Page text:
By Christian Zibreg on Feb 5, 2014
Apple and its billions are definitely the favorite target of patent trolls around the world and this newest case just exemplifies the fact. IPCom GmbH, a German patent holding firm, is suing Apple for patent infringement and is seeking north of $2 billion in damages over the use of a standards-essential wireless patent pertaining to an emergency service standard.
The use of the emergency service standard is required by law in many countries around the world! A trial in this case is scheduled for Tuesday, February 11, before Germany’s Mannheim Regional Court… Read More
By Christian Zibreg on Feb 3, 2014
The University of Wisconsin via its patent-licensing arm, the Wisconsin Alumni Research Foundation, has filed a lawsuit against Apple alleging the company’s in-house designed A7 chip infringes the foundation’s patent designed to improve “the efficiency and performance of contemporary computer processors” by introducing a new process for allowing quicker execution of processor instructions.
It’s been reported Monday that Apple’s 64-bit A7 chip, which acts as the primary engine driving the iPhone 5s, the iPad Air and the iPad mini with Retina display, apparently uses this technology without permission… Read More
By Cody Lee on Feb 2, 2014
Apple was found guilty of conspiring with 5 major publishers to increase the prices of e-books last summer, but so far it hasn’t had to write a single check. But that could change soon thanks to a newly-filed damages claim.
Steve Berman, an attorney representing consumers and 33 states who linked up with the DOJ’s case against Apple, says the company’s actions caused e-book buyers to spend an extra $280,254,374. And wants that tripled… Read More
By Cody Lee on Jan 22, 2014
Three years ago a consortium consisting of Apple, Microsoft, BlackBerry and several other tech giants purchased thousands of patents from communications expert Nortel. They have since tried using the patents to sue a number of other companies, with little success.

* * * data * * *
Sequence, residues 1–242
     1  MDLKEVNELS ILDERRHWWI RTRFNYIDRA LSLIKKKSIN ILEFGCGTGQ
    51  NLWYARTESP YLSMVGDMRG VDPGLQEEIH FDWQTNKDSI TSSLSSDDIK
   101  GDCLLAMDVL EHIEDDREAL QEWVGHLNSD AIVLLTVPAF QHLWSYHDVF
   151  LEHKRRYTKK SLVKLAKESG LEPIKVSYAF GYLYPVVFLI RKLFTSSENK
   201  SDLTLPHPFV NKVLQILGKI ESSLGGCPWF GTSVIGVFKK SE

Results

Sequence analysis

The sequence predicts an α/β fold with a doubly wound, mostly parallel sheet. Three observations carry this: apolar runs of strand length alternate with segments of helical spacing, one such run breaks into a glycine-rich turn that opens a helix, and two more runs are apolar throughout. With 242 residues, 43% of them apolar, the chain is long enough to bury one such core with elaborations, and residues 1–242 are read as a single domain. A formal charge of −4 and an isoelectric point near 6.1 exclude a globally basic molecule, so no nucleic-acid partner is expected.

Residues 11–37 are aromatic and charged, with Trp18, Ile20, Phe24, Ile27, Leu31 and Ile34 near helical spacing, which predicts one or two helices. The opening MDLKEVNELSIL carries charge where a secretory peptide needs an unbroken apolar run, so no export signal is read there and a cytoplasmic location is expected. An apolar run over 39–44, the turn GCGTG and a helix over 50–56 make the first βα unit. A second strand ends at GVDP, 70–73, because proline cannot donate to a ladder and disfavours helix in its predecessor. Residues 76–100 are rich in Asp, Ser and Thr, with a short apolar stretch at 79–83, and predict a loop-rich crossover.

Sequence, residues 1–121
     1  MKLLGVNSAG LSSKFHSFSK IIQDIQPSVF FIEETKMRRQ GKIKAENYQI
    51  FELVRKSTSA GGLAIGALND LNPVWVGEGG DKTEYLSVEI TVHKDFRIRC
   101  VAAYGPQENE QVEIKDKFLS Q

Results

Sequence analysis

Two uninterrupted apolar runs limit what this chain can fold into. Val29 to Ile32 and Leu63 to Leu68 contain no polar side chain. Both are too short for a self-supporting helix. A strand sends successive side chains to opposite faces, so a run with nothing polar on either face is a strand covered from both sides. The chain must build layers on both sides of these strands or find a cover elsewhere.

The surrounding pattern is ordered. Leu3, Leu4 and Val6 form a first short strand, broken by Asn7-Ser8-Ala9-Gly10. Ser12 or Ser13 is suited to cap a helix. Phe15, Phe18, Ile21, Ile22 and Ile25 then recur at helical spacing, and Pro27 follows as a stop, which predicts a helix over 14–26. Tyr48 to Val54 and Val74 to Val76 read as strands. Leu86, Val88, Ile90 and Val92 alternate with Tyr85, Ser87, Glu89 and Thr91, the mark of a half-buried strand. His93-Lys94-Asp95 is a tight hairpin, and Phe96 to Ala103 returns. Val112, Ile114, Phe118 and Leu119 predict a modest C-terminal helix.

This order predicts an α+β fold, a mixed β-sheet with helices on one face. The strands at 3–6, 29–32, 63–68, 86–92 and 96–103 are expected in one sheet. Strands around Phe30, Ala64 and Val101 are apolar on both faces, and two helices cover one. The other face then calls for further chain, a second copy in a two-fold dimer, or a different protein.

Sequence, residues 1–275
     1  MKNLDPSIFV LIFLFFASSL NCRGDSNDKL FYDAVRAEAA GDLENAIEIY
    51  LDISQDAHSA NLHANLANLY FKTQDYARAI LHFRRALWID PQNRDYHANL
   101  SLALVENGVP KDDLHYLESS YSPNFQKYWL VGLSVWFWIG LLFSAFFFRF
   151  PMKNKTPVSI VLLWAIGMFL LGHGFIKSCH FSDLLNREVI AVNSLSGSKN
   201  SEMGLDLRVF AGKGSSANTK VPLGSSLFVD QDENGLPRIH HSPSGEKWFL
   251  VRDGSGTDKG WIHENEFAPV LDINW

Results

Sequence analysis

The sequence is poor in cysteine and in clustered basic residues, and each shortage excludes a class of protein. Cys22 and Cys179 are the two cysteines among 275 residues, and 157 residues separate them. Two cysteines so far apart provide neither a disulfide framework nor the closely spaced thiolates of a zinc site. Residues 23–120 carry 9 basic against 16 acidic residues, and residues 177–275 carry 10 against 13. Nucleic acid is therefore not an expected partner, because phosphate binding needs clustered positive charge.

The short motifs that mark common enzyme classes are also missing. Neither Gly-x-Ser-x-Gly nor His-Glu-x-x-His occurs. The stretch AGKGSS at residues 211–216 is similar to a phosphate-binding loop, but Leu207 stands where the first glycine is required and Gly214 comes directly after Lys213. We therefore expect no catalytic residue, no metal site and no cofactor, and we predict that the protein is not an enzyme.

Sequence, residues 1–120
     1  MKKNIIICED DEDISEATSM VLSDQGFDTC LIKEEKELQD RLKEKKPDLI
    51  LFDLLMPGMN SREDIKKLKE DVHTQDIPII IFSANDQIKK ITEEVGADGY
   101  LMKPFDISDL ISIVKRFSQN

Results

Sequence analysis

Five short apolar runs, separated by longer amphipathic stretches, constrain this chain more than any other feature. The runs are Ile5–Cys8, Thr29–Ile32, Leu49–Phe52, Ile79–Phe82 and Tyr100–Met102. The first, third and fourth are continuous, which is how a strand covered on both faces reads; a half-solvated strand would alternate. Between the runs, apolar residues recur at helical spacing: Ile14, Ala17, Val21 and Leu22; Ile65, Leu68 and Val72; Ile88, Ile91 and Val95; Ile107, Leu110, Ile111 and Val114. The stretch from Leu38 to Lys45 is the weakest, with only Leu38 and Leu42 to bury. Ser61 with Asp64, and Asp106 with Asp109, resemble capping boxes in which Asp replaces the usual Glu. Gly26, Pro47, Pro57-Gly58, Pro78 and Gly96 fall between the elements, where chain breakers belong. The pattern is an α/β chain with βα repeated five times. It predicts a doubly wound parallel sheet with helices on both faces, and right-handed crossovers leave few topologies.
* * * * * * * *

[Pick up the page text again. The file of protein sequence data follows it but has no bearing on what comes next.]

Well this week the group, aptly-named the Rockstar Consortium, got a taste of its own medicine. Five US cable companies, including Charter Communications and others, filed a lawsuit against the shell corporation for engaging in what it calls an illegal patent conspiracy… Read More
By Cody Lee on Jan 17, 2014
Three men from Massachusetts filed a lawsuit against Apple this week. Adam Christensen, Jeffrey Scolnick and William Farrell claim that they were unlawfully forced to enter their zip code while making purchases at the company’s New England retail stores.
The suit contents that this practice is illegal under the Massachusetts Unfair Trade Practices Act, which says you can’t compel customers to provide identifiable information. And the men say that Apple isn’t just collecting info, it’s also selling it to third parties… Read More
By Christian Zibreg on Jan 15, 2014
A few years ago, if you were a Silicon Valley engineer in high demand, landing a job at Apple, Google, Intel or other technology titans likely meant your career was stalling as a result of these companies conspiring to fix wages by not hiring each others’ employees. A probe by the Justice Department into these ‘no solicitation’ agreements led to a class-action lawsuit.
And after a federal appeals court refused to let the defendants appeal a class certification order, the affected Silicon Valley software and hardware engineers, programmers, animators, digital artists, web developers and other technical professionals have won clearance to pursue the collusion case as group, Reuters reported Wednesday… Read More
By Christian Zibreg on Jan 15, 2014
Parents whose kids were tricked into obtaining virtual items in iPhone and iPad games by way of the iOS In-App Purchase mechanism will get refunded over unwanted spending, according to Apple’s settlement with the U.S. Federal Trade Commission (FTC). The penalty dwarfs Google’s $22.5 million fine in the Safari website tracking scandal.